Detecting Games in the Relationship - The Story of Lyn and JamesThe Story of Lyn and James

“Lyn” and “James” have been married for ten years and have three children. When they first met, Lyn had just left school. James was fifteen years older and had already been in the workforce for some time.

At the time they met Lyn still lived at home, while James had his own place. Lyn looked up to James for support and guidance and he was able to be that at a time when Lyn was still new to adult relationships and adulthood generally.

Lyn was still somewhat naïve, so she allowed James to advise her in exactly how she was to act as his wife and even what she should be like as a person.

Then things changed.

Lyn grew up and started to have opinions of her own. But whenever she attempted to express them they had a disagreement...

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Insignificant Games and Serious Games

Insignificant Games and Serious GamesWe need to spice up our life every now and then and, as my husband and I so often do, we play teasing games with each other. But when do games that are played in jest become something more serious game with a negative consequence for the relationship? And how do we tell them apart?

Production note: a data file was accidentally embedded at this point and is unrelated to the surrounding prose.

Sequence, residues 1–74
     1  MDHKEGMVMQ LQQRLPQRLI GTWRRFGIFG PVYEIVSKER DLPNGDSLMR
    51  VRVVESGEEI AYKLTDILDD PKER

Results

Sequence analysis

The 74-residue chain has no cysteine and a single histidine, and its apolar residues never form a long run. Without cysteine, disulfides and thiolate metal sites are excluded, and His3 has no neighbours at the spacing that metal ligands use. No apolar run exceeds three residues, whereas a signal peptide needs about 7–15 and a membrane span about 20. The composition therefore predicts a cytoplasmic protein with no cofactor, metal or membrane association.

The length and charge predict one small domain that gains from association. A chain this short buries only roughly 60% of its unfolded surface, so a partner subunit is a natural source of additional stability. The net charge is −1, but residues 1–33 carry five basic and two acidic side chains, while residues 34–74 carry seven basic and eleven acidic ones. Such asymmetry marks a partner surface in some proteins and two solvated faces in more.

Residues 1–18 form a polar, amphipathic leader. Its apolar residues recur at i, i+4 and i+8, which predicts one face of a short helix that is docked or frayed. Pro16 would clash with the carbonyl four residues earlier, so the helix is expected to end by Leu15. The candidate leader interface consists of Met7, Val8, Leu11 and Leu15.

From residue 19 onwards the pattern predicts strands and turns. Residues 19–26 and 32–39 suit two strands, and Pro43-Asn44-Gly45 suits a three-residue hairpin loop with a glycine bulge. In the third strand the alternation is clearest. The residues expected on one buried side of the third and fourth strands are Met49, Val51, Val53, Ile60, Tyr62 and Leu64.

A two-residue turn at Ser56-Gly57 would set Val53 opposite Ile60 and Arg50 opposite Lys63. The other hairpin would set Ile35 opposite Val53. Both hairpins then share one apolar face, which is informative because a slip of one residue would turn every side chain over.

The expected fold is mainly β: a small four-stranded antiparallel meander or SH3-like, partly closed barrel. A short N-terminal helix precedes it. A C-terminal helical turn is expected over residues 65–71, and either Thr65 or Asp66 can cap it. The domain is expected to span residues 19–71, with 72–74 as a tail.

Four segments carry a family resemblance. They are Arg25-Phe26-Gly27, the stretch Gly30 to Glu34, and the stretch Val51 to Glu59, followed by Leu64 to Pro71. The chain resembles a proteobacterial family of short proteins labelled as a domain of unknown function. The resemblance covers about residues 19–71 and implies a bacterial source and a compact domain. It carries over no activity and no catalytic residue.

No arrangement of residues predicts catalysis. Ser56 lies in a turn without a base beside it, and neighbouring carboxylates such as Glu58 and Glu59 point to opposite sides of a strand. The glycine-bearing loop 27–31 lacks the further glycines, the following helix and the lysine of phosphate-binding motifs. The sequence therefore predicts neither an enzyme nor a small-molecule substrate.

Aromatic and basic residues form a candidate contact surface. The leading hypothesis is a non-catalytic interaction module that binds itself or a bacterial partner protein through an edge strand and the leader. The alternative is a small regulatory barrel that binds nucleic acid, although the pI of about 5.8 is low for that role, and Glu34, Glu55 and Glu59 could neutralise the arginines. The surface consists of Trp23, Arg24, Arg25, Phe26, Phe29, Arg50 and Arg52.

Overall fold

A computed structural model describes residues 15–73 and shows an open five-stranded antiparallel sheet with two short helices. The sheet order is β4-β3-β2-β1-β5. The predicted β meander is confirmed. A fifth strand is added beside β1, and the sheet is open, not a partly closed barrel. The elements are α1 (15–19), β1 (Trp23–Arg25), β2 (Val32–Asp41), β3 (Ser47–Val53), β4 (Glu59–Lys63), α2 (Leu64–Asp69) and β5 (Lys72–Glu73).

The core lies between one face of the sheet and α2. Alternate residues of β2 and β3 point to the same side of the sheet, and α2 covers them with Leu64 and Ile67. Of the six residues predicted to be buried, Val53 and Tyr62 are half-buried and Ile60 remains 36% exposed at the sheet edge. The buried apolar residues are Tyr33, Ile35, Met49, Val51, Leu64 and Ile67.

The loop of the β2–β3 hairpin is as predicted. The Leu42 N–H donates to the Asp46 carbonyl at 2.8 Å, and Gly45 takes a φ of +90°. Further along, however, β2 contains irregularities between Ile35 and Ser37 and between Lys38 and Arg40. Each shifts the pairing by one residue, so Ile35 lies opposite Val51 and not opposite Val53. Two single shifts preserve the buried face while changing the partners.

In the Survivor’s triangle each of the “game-players” play and respond differently and express themselves differently as their emotional state dictates from time to time.

There are three degrees of games though all games can be placed somewhere on a continuum according to how each person experiences it. In addition the outcome for the relationship will also be affected depending on the perspective of each “player”.

First Degree Games

First Degree Games are generally pretty harmless and people might eve...